Stacy Lightfoot beamed as she looked out at the audience of Dalewood Middle School eighth-grade students and their families and friends.
“We have some really exciting news to share about going to college right here in your backyard,” said Lightfoot, vice chancellor of diversity and engagement at the University of Tennessee at Chattanooga. “Are you ready to hear why I’m here?
“We are pleased to inform you that each eighth-grade student that is here today who is being promoted from Dalewood Middle School into high school has been accepted into UTC. You all are going to college.”
With that announcement came a roar from the crowd.
Between May 15-23, Lightfoot and other UTC dignitaries are participating in numerous Hamilton County Schools eighth-grade promotion events to introduce the Middle School to Moc Scholar program.
A collaboration between UTC and Hamilton County Schools, Middle School to Moc Scholar will award every eighth-grade student a certificate of acceptance to UTC for fall 2027 enrollment—contingent upon successful completion of high school and meeting admission requirements for the University.
The initiative aims to build excitement for students about their future as college students, said Dr. Yancy Freeman, UTC vice chancellor for enrollment management and student affairs
“I hope it helps them stay on target if they want to go to college,” Freeman said. “For them to reach these goals, there are some things you need to do to get admitted, so all of this is to try to get an early jumpstart on getting those students to think about college as an option—a real option for them as a next step after completing high school.
“We want the students to be really excited about the promotion from eighth to ninth grade—and then we want them to know we’re reserving a spot for them.”
UTC presenters are attending 23 eighth-grade promotion ceremonies across the county—with more than 3,300 students expected to attend. In addition to certificates, UTC’s admission team will mail personalized letters to each student’s home along with UTC swag.
Nearly 100 students participated in the Dalewood promotion ceremony, which took place on May 22 at First Cumberland Presbyterian Church on North Moore Road.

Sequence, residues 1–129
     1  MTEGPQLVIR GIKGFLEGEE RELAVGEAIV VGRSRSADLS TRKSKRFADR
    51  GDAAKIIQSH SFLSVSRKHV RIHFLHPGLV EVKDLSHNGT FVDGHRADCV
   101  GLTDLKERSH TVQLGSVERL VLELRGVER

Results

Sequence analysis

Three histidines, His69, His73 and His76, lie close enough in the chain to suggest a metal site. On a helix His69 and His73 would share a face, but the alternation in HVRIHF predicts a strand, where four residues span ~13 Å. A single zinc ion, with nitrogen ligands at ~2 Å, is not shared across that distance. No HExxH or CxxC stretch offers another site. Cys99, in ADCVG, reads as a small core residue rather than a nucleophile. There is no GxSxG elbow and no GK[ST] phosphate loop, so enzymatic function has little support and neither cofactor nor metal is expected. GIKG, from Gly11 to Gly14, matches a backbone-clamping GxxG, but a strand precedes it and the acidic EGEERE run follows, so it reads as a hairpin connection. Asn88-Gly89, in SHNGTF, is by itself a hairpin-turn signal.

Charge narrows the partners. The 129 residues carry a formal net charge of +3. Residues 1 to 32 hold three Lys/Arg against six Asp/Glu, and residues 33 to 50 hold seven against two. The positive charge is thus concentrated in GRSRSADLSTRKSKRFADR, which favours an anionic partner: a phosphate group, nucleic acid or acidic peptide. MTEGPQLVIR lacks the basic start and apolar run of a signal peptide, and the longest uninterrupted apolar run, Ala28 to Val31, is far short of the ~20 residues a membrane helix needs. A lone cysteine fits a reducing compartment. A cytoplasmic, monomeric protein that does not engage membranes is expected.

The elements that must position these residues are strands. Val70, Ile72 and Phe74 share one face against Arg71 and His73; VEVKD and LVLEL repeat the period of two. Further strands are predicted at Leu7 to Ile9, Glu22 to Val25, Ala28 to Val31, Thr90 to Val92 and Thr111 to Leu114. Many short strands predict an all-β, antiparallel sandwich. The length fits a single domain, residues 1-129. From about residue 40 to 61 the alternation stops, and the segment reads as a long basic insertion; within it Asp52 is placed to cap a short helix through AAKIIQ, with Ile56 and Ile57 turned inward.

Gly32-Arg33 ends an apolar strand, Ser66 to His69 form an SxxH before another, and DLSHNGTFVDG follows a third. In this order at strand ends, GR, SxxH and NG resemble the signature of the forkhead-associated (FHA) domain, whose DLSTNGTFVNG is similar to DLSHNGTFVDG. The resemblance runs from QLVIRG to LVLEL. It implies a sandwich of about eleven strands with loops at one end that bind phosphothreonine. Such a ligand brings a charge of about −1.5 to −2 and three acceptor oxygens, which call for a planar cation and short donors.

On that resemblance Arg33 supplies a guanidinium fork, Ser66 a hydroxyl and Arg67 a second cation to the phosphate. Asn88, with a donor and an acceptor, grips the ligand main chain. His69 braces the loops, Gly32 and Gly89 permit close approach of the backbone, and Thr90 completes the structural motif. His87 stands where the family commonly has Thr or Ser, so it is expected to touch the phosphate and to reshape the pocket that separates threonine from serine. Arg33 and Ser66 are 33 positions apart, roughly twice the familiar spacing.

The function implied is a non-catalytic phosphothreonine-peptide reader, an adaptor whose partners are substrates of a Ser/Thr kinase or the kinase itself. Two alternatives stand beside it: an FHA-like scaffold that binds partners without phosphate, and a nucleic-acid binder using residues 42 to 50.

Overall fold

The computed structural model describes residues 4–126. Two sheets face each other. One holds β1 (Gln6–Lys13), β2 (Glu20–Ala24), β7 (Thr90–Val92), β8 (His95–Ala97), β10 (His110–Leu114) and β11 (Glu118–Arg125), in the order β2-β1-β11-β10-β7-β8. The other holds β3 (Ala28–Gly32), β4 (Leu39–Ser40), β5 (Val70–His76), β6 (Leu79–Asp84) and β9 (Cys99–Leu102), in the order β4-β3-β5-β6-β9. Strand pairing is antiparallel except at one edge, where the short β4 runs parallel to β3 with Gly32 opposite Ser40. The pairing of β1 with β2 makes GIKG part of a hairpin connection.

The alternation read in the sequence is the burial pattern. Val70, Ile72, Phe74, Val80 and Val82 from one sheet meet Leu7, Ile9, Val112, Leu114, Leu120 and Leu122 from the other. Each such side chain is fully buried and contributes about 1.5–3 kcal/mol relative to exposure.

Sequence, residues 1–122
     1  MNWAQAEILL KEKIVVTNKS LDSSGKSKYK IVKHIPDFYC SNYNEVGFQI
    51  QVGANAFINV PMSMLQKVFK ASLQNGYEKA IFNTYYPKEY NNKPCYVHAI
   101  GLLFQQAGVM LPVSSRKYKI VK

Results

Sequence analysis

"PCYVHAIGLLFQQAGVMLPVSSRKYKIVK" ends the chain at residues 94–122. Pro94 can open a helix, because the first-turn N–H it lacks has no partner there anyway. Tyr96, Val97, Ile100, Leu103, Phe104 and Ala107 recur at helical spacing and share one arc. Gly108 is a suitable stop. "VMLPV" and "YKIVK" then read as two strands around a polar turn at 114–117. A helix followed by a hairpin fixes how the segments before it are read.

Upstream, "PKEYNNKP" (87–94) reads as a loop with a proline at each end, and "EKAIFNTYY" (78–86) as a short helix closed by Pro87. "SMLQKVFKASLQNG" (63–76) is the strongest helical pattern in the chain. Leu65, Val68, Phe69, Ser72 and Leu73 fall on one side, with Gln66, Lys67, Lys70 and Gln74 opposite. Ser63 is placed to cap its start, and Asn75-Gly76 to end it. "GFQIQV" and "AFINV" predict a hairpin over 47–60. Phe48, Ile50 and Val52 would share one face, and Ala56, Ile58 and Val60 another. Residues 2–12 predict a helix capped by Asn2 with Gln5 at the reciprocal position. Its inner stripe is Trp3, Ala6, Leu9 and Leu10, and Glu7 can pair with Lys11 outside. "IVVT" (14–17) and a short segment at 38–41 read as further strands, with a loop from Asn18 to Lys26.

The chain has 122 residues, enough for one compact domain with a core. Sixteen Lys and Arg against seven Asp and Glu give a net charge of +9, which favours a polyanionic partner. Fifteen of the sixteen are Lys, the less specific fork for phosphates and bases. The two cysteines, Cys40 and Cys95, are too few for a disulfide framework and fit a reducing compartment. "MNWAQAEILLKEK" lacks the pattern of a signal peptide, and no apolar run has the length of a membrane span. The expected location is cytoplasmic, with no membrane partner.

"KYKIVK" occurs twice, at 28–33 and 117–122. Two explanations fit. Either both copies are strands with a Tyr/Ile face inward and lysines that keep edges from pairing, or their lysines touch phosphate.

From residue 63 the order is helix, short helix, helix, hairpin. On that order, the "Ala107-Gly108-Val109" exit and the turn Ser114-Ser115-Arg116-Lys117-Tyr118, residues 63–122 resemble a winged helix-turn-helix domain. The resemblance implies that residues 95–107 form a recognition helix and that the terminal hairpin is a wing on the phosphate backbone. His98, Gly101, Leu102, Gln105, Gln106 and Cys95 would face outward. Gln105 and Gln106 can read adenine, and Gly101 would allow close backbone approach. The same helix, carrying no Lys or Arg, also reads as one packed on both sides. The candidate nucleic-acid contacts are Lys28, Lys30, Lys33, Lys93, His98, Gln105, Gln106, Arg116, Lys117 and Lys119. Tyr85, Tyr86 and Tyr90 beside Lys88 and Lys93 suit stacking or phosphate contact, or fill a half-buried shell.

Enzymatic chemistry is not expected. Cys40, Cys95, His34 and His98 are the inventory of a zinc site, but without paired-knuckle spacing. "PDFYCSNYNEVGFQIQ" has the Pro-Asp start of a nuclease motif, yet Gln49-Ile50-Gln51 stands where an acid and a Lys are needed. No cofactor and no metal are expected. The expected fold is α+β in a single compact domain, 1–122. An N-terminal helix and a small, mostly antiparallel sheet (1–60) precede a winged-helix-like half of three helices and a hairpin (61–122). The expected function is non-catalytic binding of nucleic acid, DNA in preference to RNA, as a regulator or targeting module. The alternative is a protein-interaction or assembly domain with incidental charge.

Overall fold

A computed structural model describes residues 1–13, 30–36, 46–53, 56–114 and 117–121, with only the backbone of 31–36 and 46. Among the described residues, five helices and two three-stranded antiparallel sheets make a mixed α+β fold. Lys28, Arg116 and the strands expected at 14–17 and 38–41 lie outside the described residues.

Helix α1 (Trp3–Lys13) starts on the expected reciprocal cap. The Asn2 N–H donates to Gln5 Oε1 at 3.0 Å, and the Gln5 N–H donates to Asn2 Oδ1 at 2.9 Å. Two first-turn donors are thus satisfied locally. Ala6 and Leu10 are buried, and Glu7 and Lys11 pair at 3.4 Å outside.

The event, Lightfoot said, “exceeded my expectations. The energy in the room was palpable.
“When the students received the announcement, they didn’t quite understand what was going on, but the more we said, ‘You have a seat waiting for you at UTC,’ the parents and the families and the guardians and the audience understood. You saw the crowd standing up in support and surprise, and the students caught on.”
Lightfoot called it “humbling” to be the bearer of the news.
“To sprinkle a little joy in the hearts and the minds and the spirits and souls of families and students as they embark on a new journey entering into high school is a blessing and something I won’t forget,” she said.
Lightfoot was joined at the ceremony by UTC Experiential Learning Coordinator Bengt Carlson.
“Seeing each student come across and just thinking about their stories and the stories they represent was so exciting,” he said, “and it helps me be encouraged and gives me hope. It makes me hopeful that I will get to know some of these stories.
“I think as Stacy laid it out step by step, people started to really understand the gravity of what she was communicating. Then it really sunk in. We had parents standing up and then students standing up, realizing what had just been said. That was really special.”
Dalewood principal Rashaad Williams is a two-time graduate of UTC, earning a bachelor’s degree in 2003 and a master’s in 2007.
“As a proud alum of UTC it is indeed great to be a UTC Moc,” Williams told the audience. “It is a great honor to be accepted already into the University.”
Also in attendance for Dalewood’s promotion ceremony was Dr. Justin Robertson, superintendent of Hamilton County Schools.
“Eighth-grade promotions are always exciting. Families are here to celebrate the end of a long journey and the anticipation of high school, so there’s always a lot of energy,” Robertson said. “I think the UTC announcement just added to that energy and relieved some stress from parents thinking about college four years from now and that process.
“I think there’s an air of anticipation of knowing that college is on the horizon and that it’s not just attainable—but it’s something that each and every one of these kids will have access to.”